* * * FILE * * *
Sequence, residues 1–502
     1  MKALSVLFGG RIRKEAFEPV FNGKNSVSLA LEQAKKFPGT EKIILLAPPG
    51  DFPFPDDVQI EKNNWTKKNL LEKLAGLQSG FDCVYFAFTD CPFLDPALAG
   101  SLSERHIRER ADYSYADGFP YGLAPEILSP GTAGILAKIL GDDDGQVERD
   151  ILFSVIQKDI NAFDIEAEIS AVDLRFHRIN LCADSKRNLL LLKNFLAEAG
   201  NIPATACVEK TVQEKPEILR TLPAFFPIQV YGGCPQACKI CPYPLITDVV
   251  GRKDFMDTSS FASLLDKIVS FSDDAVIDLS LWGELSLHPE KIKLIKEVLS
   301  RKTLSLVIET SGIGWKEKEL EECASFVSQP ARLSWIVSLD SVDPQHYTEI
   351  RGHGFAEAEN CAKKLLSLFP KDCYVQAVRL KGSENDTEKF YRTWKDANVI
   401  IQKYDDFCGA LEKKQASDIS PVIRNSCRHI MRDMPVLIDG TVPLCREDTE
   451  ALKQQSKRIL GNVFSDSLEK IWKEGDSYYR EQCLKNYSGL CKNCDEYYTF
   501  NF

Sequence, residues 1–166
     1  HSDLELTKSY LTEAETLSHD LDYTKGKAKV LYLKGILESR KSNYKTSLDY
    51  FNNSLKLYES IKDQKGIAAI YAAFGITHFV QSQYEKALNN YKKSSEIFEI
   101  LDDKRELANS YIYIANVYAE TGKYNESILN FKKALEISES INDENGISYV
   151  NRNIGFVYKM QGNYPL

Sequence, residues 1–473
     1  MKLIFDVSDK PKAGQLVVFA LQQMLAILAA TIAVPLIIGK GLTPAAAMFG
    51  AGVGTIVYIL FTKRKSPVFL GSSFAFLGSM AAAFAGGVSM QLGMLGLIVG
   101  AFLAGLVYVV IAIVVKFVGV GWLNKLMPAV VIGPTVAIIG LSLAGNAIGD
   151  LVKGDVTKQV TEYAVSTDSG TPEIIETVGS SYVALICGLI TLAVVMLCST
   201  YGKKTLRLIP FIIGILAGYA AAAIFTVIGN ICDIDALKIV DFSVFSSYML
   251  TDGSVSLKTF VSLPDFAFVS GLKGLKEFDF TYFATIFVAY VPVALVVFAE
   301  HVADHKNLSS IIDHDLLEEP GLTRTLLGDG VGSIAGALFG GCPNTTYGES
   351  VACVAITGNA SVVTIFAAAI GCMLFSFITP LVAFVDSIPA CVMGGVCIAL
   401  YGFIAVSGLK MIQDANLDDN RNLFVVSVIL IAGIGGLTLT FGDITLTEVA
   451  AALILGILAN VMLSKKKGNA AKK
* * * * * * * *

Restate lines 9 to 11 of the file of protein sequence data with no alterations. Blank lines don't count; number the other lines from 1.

   351  RGHGFAEAEN CAKKLLSLFP KDCYVQAVRL KGSENDTEKF YRTWKDANVI
   401  IQKYDDFCGA LEKKQASDIS PVIRNSCRHI MRDMPVLIDG TVPLCREDTE
   451  ALKQQSKRIL GNVFSDSLEK IWKEGDSYYR EQCLKNYSGL CKNCDEYYTF